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Mercedes Changes Leadership At Alabama Plant After Union-Busting Claims

Mercedes workers in Alabama are just weeks away from voting to join the UAW

 Mercedes Changes Leadership At Alabama Plant After Union-Busting Claims

  • Mercedes reassigned the head of its U.S. manufacturing arm shortly before workers at its Alabama assembly plant vote on whether to join the UAW.
  • Earlier this week, the union accused Michael Goebel and Mercedes of anti-union activity.
  • Goebel will continue working at Mercedes, and has been replaced by Frederico Kochlowski.

The CEO of Mercedes-Benz U.S. International, which operates the automaker’s assembly plant in Vance, Alabama, has stepped from his role shortly before workers vote on whether to accept UAW representation.

Michael Goebel has been CEO at Mercedes-Benz U.S. International since 2019 but, on Tuesday, the company announced that he would be replaced by Frederico Kochlowski the following day. Although executives changing roles at the automaker is not unusual, the timing of the shuffle is noteworthy.

More: UAW Files Charges Against Mercedes For Alleged Anti-Union Campaign

Workers at the plant will vote on whether to join the UAW between May 13 and 17, and recently accused Goebel of anti-union activity. The CEO was accused of attempting to “chill union activity” and of holding a mandatory plant-wide meeting where he expressed that he did not believe the UAW could help the company and that workers shouldn’t have to pay union dues.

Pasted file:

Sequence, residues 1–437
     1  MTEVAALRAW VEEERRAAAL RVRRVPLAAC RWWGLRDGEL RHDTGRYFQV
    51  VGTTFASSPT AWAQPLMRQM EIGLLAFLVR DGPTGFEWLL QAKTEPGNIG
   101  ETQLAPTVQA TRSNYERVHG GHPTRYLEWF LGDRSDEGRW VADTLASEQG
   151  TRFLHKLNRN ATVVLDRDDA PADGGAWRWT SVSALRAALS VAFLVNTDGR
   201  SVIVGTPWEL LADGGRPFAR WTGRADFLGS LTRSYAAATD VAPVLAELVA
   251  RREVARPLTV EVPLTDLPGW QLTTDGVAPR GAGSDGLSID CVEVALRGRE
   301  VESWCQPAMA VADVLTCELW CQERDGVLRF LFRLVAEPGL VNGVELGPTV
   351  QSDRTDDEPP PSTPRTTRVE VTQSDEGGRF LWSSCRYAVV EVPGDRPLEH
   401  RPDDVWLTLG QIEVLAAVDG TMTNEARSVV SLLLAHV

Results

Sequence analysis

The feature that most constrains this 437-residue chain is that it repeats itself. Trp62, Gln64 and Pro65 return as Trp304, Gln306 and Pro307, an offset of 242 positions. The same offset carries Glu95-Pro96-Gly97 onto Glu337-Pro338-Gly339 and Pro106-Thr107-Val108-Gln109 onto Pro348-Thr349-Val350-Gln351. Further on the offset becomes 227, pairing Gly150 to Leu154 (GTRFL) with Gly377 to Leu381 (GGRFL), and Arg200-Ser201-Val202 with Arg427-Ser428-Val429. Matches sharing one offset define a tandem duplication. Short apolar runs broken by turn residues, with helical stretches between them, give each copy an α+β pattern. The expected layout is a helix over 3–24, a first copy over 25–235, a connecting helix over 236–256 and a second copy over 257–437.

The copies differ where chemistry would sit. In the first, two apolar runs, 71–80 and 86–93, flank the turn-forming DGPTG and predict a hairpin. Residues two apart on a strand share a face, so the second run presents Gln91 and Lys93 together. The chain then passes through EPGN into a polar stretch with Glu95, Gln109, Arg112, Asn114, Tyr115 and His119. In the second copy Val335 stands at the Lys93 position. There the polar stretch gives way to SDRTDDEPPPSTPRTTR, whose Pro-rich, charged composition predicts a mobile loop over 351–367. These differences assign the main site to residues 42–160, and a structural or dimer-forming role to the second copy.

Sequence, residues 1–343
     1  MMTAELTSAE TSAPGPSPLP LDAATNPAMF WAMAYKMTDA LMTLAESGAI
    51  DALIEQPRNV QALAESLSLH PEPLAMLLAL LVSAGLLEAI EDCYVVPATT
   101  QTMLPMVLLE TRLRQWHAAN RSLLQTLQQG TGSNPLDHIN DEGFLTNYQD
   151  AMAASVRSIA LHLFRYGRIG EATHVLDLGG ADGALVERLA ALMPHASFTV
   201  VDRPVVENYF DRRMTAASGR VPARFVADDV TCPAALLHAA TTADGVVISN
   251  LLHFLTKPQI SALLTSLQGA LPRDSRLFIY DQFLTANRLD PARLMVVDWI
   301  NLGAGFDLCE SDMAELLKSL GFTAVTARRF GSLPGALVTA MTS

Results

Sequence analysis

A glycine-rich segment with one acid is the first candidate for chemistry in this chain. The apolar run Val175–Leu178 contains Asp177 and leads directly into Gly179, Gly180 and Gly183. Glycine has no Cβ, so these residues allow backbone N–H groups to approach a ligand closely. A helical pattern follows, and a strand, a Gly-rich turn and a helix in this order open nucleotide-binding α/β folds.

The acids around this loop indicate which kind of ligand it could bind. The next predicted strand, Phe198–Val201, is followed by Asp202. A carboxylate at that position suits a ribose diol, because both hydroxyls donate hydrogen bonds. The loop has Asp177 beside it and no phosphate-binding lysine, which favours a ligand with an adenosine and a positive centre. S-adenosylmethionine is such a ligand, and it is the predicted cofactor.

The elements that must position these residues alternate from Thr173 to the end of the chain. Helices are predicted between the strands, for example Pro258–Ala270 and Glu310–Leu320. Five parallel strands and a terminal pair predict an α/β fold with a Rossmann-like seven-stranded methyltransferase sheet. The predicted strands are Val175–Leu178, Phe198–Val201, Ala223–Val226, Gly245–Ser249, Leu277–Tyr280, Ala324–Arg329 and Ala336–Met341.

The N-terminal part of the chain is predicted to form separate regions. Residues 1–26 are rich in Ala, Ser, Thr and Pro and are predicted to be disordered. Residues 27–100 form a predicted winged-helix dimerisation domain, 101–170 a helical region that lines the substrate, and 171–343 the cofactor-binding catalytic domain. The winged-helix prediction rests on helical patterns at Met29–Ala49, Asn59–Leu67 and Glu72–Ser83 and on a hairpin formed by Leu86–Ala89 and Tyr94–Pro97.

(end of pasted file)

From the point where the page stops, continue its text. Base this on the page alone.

The move could be a peace offering aimed at resetting relations between workers and management, Art Wheaton, a labor expert, told Autonews. “It’s a way to pacify workers, but it’s unlikely to stop the vote from taking place,” Wheaton added.

 Mercedes Changes Leadership At Alabama Plant After Union-Busting Claims

In fact, the UAW’s complaints extended beyond Goebel. The organization claimed workers have been intimidated, threatened, and fired by Mercedes, among them one pro union worker with stage 4 cancer who was terminated over a “zero-tolerance policy on cellphones,” which he had previously received permission to use in order to receive information about a “scarce chemo drug.”

Although it is still unclear if Mercedes workers will join the UAW, the union said it would only call a vote once it had received 70 percent support. The referendum comes at a time when pro-union sentiment is strong, and just weeks after employees at Volkswagen’s plant in Chattanooga, Tennessee, made the historic decision to approve UAW representation.

Since ceding his role as the head of Mercedes-Benz U.S. International, Goebel is now listed as Mercedes’ “Head of Operations North America” on LinkedIn. His replacement, Kochlowski, formerly served as the head of COMPAS, the Mercedes-Nissan joint venture manufacturing operation located in Mexico.

 Mercedes Changes Leadership At Alabama Plant After Union-Busting Claims

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